No success (yet?) with USB

I have spent a few days planning for my talk at IPRUG tomorrow evening. One of the things I was hoping to do was demonstrate a standalone Raspberry Pi controlling a USB missile launcher that I have had laying around unused for a few years.


I got the device out of its box, found some batteries (I guess its tilt/swivel motors take too much current for USB bus power) and tried it out using the supplied Windows software. That worked, albeit manually, and with an ugly, proprietary, Windows-specific UI.

Having verified that the hardware was working, I then took a look at controlling it from the Raspberry Pi. This turned out to be much more complex and tricky than I had hoped.

I had already installed Ruby using sudo apt-get install ruby1.9.3, so it seemed that I just needed a USB library. A bit of poking around the web turned up that there seem to be two main USB gems for Ruby, both delegating the real work to a C library “libusb“. The difference between the Ruby gems is also present in the underlying C library. Two versions (0.1 and 1.0) are in widespread use, and their APIs are quite different. The two gems use different versions of the C library. The “libusb” gem requires version 1.0, and the “ruby-usb gem uses version 0.1. A lot of forum posts and the like seemed to recommend the more recent version, so I went with libusb 1.0 and the libusb gem. Installation was pretty straightforward as these things go:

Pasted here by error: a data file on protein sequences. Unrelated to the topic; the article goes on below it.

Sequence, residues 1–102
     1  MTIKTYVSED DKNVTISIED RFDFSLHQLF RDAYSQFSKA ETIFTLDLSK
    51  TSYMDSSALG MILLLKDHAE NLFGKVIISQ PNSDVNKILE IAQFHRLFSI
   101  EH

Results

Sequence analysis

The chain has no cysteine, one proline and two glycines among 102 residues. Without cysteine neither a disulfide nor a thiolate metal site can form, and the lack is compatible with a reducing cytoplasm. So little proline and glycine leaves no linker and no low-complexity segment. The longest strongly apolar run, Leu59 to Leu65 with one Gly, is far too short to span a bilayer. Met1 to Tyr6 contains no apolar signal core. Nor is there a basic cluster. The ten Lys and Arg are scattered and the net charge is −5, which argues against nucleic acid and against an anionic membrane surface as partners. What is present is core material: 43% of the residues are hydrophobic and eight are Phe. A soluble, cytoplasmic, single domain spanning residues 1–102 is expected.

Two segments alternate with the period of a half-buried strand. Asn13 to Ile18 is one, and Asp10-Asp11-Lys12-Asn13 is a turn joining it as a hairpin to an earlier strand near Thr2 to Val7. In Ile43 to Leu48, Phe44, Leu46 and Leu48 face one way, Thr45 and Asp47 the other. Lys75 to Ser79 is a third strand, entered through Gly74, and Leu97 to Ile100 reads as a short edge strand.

tar xjf libusb-1.0.9.tar.bz2
cd libusb-1.0.9
sudo make install

sudo apt-get install libusb-1.0-0-dev
sudo gem install libusb

When it came to software to drive the USB missile launcher things were quite different. I hadn’t realized at the start of this (a) how complex the USB specification actually is, and (b) how little information there is on the web about using USB from Ruby or the details of communicating with this device.

I quickly found that not all missile launchers are the same. There are plenty of tutorial and project examples, but mostly they seem to be for a different (“Dream Cheeky”) missile launcher which has a different USB identifier and completely different commands required to drive it. The examples I did find which might control the launcher I have were all either for a different programming language (C, Python etc.) or for the 0.1 version of the libusb API.

Attempting to port some of these examples raised more questions than answers, and the paucity of detailed API explanations for the Ruby libusb wrapper left me even more confused. Despite all sorts of efforts, I simply could not get the Pi to control the launcher, so I eventually decided to call it a night.

At some point I intend to attack this more methodically: sniff the USB traffic from the Windows box, perhaps using something such as usbsnoop, then write my own driver wrapper to send the same data from the Raspberry Pi.


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